Ibn Rajab says this is contrary to the apparent meaning of the hadith narrated by Hudhayfa.(83)

Secondly, the last six hadiths are interpreted by the first hadith. Those who hold this view say the hadith narrated by Ibn Mas'ud interpret the other hadiths showing that qadar's writing took place at the same time as the spirit was.(84) They state the following: This takes place only in the fourth phase after the stage of 'Mudghah'*. These scholars hold the view that 'mudghah' occurs on the third forty day. They say it is in accordance with the hadith narrated by Ibn Mas'ud.(85)

Another interpretation is that what is meant by "forty days" mentioned in the hadiths other than the hadith of Ibn Mas'ud is the third forty days. 

Ibn Qayyim says that it is highly improbable and that the apparent meaning of the hadith rejects it absolutely.(86)

Thirdly, the first hadith is interpreted by the other hadiths.

This is the preference of some scholars who lived later. They say, 'Creating, giving shape and qadar's writing take place in the second forty days. It is not contrary to the hadith narrated by Ibn Mas'ud.' These scholars base their views on the views of some doctors.(87)

The scholars who hold this view evaluate the hadith narrated by Ibn Mas'ud as follows: The expression of the Messenger of Allah (pbuh) '...then, an angel is sent to him...' is not attributed to the expression '... then, it becomes mudghah like this...' before it but the following statement: 'Each one of you is put together in the womb of the mother in forty days.' The statements 'then, it becomes alaqah like this' and 'then, it becomes mudghah like this' become non-defining clauses between the sentence that is attributed and the sentence that attributes. This serves to mention three phases on end without a break. This kind of usage is possible. It exists in the Quran, sound hadiths and in the Arabic language.(88) What is understood from the words of these scholars is as follows: The spirit's being blown is completed after the first forty days. For, the creation and qadar's writing take place in the same phase as the blowing into the spirit as the first and second hadiths indicate.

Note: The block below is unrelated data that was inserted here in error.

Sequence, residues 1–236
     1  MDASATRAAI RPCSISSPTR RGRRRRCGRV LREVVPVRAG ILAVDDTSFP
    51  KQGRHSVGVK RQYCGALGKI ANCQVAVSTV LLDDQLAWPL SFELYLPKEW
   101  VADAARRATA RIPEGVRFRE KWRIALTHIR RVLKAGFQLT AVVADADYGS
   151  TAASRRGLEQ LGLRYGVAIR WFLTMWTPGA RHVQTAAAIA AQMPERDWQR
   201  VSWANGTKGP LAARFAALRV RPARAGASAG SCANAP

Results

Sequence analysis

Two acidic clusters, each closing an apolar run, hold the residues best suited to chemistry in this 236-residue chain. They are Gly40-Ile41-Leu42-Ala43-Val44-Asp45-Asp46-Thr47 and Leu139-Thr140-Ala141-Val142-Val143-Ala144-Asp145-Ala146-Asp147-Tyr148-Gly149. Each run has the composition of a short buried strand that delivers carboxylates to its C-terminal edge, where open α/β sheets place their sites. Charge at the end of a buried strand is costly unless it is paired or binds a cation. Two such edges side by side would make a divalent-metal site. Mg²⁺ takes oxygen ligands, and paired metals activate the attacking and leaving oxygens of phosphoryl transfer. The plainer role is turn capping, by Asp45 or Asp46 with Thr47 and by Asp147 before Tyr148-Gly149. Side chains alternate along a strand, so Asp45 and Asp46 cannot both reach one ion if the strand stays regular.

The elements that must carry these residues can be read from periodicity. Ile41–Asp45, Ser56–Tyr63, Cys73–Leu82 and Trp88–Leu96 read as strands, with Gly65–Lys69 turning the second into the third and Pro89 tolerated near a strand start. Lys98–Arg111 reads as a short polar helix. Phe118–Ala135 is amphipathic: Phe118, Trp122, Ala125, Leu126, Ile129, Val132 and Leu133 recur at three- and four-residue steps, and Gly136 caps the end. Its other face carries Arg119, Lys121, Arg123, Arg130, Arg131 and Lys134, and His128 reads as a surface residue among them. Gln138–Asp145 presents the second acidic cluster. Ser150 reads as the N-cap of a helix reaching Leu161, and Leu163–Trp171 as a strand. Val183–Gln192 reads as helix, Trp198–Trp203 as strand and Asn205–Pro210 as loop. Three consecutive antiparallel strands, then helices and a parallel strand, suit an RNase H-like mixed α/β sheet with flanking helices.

4th Preference

Acting upon the apparent meaning of the first hadith, a great majority of the scholars held the view that the spirit is blown immediately or ten days after the third forty days, that is at the beginning of the fifth month in both cases. This view became so widespread that it became a doubtless fact and a belief taken for granted among scholars. Some scholars even wrote that there was unanimous agreement on it.(89)

It seems that those who acted based on the apparent meaning of the first hadith did so. For, the first hadith is more famous and most of the sources mentioned it. The hadith narrated by Hudhayfa can only be found in Muslim and the hadith narrated by Jabir can only be found in Musnad of Imam Ahmad.

Therefore, most of the scholars who dealt with the issue do not report anything from those hadiths. It is not something acceptable from the point of view of scholarly science. It is not appropriate to rely on some of the hadiths regarding an issue and to leave the others aside. On the contrary, it is necessary to bring together all of the hadiths regarding an issue and to reconcile them.   

Some scholars made a preference among the hadiths and preferred the hadith narrated by Ibn Mas'ud.(90) It is known that preference can be made only when reconciliation is not possible. As we have mentioned above, reconciliation is possible here. Besides, even if reconciliation is not possible, it is disputable whether to prefer the first hadith to others or not.

Based on their views that creation can take place only within the third forty days and not before, some scholars interpreted the hadiths by Hudayfa and Jabir and the narration of the hadith by Muslim (91) in favor of the hadith narrated by Ibn Mas'ud. However, it is now clear that such a view is wrong. Such a view is not valid to interpret them in favor of the other hadith.

Some scholars relied on the weak hadiths stating that the spirit is blown after the first four months like the following one: 'When the nuthah becomes four months old, Allah sends an angel to it and the angel blows spirit into it. However, this hadith is munqati' (interrupted). (92) Or  they base their views on weak narrations stating that the phases of 'nutfah', 'alaqa' and 'mudghah' each is forty days like the following hadith: 'Nutfah stays in the womb for forty days without changing...' (93)

Haythami states the following about some of the narrators in the chain of this hadith: Abu Ubayda did not hear it from his father. Ali b. Zayd has a bad memory.(94)